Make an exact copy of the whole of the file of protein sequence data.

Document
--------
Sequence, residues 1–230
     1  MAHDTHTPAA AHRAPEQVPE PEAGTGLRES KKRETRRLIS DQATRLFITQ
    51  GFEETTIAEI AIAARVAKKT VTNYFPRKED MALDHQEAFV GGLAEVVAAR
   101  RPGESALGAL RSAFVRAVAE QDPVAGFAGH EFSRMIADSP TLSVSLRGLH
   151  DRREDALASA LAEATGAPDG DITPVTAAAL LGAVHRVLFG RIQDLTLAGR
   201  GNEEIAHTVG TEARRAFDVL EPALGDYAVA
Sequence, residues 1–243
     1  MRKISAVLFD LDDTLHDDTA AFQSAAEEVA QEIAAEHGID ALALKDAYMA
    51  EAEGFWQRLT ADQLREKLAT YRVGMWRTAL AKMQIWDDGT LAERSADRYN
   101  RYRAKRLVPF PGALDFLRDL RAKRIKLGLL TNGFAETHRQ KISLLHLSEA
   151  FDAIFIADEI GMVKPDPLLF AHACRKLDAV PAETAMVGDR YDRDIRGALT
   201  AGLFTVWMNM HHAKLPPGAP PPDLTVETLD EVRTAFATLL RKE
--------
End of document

Sequence, residues 1–230
     1  MAHDTHTPAA AHRAPEQVPE PEAGTGLRES KKRETRRLIS DQATRLFITQ
    51  GFEETTIAEI AIAARVAKKT VTNYFPRKED MALDHQEAFV GGLAEVVAAR
   101  RPGESALGAL RSAFVRAVAE QDPVAGFAGH EFSRMIADSP TLSVSLRGLH
   151  DRREDALASA LAEATGAPDG DITPVTAAAL LGAVHRVLFG RIQDLTLAGR
   201  GNEEIAHTVG TEARRAFDVL EPALGDYAVA
Sequence, residues 1–243
     1  MRKISAVLFD LDDTLHDDTA AFQSAAEEVA QEIAAEHGID ALALKDAYMA
    51  EAEGFWQRLT ADQLREKLAT YRVGMWRTAL AKMQIWDDGT LAERSADRYN
   101  RYRAKRLVPF PGALDFLRDL RAKRIKLGLL TNGFAETHRQ KISLLHLSEA
   151  FDAIFIADEI GMVKPDPLLF AHACRKLDAV PAETAMVGDR YDRDIRGALT
   201  AGLFTVWMNM HHAKLPPGAP PPDLTVETLD EVRTAFATLL RKE